Until my young adulthood, I found my life was fulfilled with usefulness and was still strongly connected to Nature.
As a geosciences student, I had faith that my master’s degree will be the gateway to a fulfilling professional life. I was convinced that it would allow me to contribute to the conservation and restoration of ecosystems. This cause matters to me as I believe that the beauty and diversity of ecosystems is the key to our physical and mental well-being and is what makes life worth living. At the same time, my implications in youth movements allowed me to spend most of my weekends and holidays educate young people in Nature, help them acquire new social skills and become autonomous and critical individuals. Build huts, swim naked in cold streams, walk barefoot, cook on a fire, sleep under the stars, stare at the sunset, listen to singing birds, climb rocks and trees, run in the forest, pick wild fruits were activities that occupied an important part of my daily life. These have always made and still make me feel truly and deeply alive, human and connected to the wholeness of the universe.
But when I started to enter professional life, things have begun to change.
I felt more and more deprived of the deep connection I had with Wilderness. Paradoxically, as a geoscientist working in the field of climate change research, I have spent countless hours in offices working behind computer screens rather than study and learn from the field (even if I’ve had the chance to participate in 3 field expeditions in polar regions). Although I felt much more connected to Nature than the majority of people around me, I had reached a point where I considered myself nothing else than a typical product of the 9-5 rat race lost in a city, totally disconnected from what makes him a human being. Moreover, I had a growing feeling that my job was not in accordance with the faith I expressed as a student. My feeling of usefulness was decreasing as I realized that the very narrow topics I was working on did not satisfy my natural tendency to constantly start to explore vast new domains of knowledge and did not provide any positive tangible impact on daily people’s lives or nature conservation and restoration. I had the growing sensation that I was wasting my time and my talents in a context of nature deficit disorder. This situation was meaningless.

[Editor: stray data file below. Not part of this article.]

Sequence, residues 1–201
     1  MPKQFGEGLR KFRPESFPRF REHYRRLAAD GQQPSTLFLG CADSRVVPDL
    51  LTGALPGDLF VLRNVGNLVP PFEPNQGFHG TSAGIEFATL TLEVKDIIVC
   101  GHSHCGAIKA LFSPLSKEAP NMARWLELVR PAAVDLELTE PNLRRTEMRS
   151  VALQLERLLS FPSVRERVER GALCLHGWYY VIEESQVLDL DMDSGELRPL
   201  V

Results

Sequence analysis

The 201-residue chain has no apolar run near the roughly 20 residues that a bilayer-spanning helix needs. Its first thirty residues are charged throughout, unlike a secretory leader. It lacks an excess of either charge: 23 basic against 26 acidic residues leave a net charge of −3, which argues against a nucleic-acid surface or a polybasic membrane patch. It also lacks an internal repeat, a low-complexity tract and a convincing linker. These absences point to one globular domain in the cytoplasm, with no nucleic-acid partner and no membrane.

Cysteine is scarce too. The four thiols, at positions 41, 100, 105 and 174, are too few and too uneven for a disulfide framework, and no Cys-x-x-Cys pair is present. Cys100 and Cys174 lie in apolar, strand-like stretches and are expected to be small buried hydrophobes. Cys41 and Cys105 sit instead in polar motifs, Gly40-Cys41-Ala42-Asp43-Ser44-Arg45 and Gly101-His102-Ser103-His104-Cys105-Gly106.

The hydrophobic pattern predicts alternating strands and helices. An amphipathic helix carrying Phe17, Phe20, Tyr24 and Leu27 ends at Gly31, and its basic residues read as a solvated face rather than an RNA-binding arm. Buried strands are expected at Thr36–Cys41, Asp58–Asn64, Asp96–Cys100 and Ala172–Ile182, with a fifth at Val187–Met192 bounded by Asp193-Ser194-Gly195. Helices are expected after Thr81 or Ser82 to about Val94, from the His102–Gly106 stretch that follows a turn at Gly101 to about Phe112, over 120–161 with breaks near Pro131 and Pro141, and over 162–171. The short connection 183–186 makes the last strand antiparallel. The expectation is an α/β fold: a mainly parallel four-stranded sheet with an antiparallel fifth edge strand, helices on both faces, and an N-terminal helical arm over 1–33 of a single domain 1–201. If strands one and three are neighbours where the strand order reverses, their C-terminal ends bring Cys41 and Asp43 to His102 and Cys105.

I needed a serious change.
This is the reason why I decided that my life should be more focused on what is really essential to me: spend more active time in Nature while getting involved in what I consider truly useful projects that would allow me to exploit my full potential. But how to achieve this while earning an income? I had found a purpose but I didn’t know how to reach it yet. I first had the idea to create a remote freelance business based on my scientist and IT skills. I imagined it would provide me enough flexibility and freedom to take back my lost connection with Nature. But in the end, I came up with the conclusion that doing so I would still spend too much time behind a computer screen working on what David Graber would call bullshit jobs. I was craving for more coherence between the values I preached and the behaviors I adopted, between the science I read and the conclusions I drew from it in my life. This coherence is essential because it is what makes you feel aligned and makes it possible to denounce, by mirror effect, the incoherence of the society around us.